Africa desirous to develop innovation

The Southern African Large Telescope wasinaugurated in 2005. It is the largest in the southern hemisphere, © Wikipedia Commons

‘African countries have begun to recognize that, without investment in science and technology, the continent will stay on the periphery of the global knowledge economy’, observes the UNESCO Science Report 2010. ‘Some countries are taking steps to establish a national innovation system, in an approach generally borrowed from the Organisation for Economic Co-operation and Development (OECD). The level of investment in S&T nevertheless remains low in most African countries, concludes the report.

Read the chapter on Africa (EN, FR), which has just been translated into French and printed in booklet form by the African Technology Policy Studies Network (ATPS), in collaboration with UNESCO, for distribution in Africa.

UNESCO Science Report 2010

World Science Day

World Science Day 2012, © UNESCO

This year, the theme of World Science Day on 10 November is Science for Global Sustainability: Interconnectedness, Collaboration, Transformation. For those who wish to participate, the poster can be downloaded in several languages

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Read the Director-General's message to mark this year's celebration (EN, ES, FR)

New centre holds first seminar on S&T development planning

Photo: ©CASTD; China Academy of Science and Technology for Development; Dr Gretchen Kalonji, Assistant Director-General for Natural Sciences at UNESCO

The International Research and Training Centre for Science and Technology Strategy was inaugurated in Beijing (China) on 24 September. The launch coïncided with the centre's first training seminar for participants from Africa and Asia.

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Journalists explore ways of improving science communication in Southeast Europe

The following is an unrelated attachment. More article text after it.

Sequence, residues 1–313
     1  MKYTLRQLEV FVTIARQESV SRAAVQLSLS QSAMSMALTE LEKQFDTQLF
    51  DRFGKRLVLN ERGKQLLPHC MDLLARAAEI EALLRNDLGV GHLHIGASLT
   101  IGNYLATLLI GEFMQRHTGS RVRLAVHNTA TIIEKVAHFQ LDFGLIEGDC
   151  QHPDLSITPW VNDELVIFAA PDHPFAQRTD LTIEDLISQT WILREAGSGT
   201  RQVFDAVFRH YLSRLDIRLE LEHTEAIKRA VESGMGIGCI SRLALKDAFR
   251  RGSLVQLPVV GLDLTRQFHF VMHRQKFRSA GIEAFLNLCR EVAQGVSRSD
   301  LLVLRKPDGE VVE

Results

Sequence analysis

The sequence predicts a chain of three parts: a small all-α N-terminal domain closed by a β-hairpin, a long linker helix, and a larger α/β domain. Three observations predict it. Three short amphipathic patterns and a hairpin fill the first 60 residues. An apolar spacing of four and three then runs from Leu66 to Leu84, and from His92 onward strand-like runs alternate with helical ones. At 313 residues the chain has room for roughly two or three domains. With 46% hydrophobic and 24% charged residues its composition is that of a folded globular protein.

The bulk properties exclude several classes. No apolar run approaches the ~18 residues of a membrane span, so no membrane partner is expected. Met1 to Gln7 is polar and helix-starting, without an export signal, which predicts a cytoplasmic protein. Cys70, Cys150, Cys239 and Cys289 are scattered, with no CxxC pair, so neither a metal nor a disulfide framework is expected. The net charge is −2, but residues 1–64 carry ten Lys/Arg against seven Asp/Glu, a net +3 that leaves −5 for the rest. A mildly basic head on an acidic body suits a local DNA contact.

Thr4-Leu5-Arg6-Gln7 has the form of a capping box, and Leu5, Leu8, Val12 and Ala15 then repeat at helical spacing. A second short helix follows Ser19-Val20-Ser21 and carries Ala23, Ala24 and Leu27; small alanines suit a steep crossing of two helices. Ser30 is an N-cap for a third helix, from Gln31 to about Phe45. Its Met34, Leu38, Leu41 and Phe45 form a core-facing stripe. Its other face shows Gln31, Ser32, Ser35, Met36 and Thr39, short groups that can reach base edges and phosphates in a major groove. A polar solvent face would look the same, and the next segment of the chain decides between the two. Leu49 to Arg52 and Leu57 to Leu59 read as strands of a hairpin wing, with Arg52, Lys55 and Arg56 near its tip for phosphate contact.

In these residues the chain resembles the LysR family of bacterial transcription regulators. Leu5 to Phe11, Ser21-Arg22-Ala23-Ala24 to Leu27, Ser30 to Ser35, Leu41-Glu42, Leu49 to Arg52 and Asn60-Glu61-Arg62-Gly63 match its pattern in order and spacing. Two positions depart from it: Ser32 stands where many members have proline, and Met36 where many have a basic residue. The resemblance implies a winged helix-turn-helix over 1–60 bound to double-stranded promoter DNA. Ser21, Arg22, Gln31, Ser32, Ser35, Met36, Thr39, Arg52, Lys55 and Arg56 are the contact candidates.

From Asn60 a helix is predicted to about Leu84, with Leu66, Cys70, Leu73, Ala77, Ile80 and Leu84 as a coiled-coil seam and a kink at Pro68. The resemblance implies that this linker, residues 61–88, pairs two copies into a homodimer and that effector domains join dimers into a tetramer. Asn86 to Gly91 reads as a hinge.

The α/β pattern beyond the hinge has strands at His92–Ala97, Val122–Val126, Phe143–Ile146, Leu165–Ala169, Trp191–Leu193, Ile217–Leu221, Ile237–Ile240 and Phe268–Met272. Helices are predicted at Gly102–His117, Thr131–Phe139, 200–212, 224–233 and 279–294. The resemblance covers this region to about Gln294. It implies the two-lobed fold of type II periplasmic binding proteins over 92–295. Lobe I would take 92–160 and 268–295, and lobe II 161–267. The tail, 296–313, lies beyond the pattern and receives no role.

The China Science and Technology Museum opened in Beijing in 2009

Organized under the patronage of UNESCO, the XIIth International Conference on the Public Communication of Science and Technology in Florence (Italy) on 18-20 April drew 670 participants from five continents and gave rise to a staggering 450 presentations.

One of the parallel sessions was organized by UNESCO’s Venice office. Devoted to science communication in Southeast Europe, the session offered an opportunity for the eight journalists from the region to outline the situation in their respective countries. Generally speaking, the journalists were critical of the quality of science journalism. (More)

First Africa Forum on STI for Youth Employment, Human Capital Development and Inclusive Growth

Science, technology and innovation (STI) are a key component of the sustainable growth and development of any country. Investments in STI and its integration into education, economic and industrial policies can create employment and improve the productivity and competitiveness of African countries on the global market.

The mission of the forum taking place in Nairobi (Kenya) on 1-3 April is to facilitate the sharing of experiences and analyses of best practices in strengthening STI mechanisms; designing policy measures for the promotion of innovation, entrepreneurship and youth employment; harnessing the role of innovation in the informal sector and; increasing the participation of women and youth in STI. (More)

Five laureates find new ways of looking at old problems

On 29 March, five laureates will receive the L’Oréal-UNESCO award for Women in Science, which comes with prize-money of US$100,000. They will be joined by this year’s 15 international fellows and one special fellow in life sciences.

The focus of the laureates’ research is on medicine and, for one of them, on ‘resurrection plants’. As Günter Blobel, President of the jury and Nobel laureate in Medicine (1999), put it, ‘the laureates have all uncovered new ways of looking at old problems.’ (More)

‘The high level of basic research and innovation promotes Israeli science-based industries’

Professor Ruth Arnon, President of the Israel Academy of Sciences and Humanities

Israel’s economy has escaped relatively unscathed from the global economic recession. Gross domestic expenditure on research and development (GERD) fell by just 0.4 percentage points to 4.4% of GDP between 2008 and 2010, maintaining Israel’s global lead for the level of commitment to R&D. Most exposed to the financial turbulence has been the business sector (80% of all R&D), owing to its dependence on world markets for its high-tech exports and venture capital. One development that should have strong repercussions for the country’s economy is Israel’s integration into the Organisation for Economic Co-operation and Development in 2010. (More)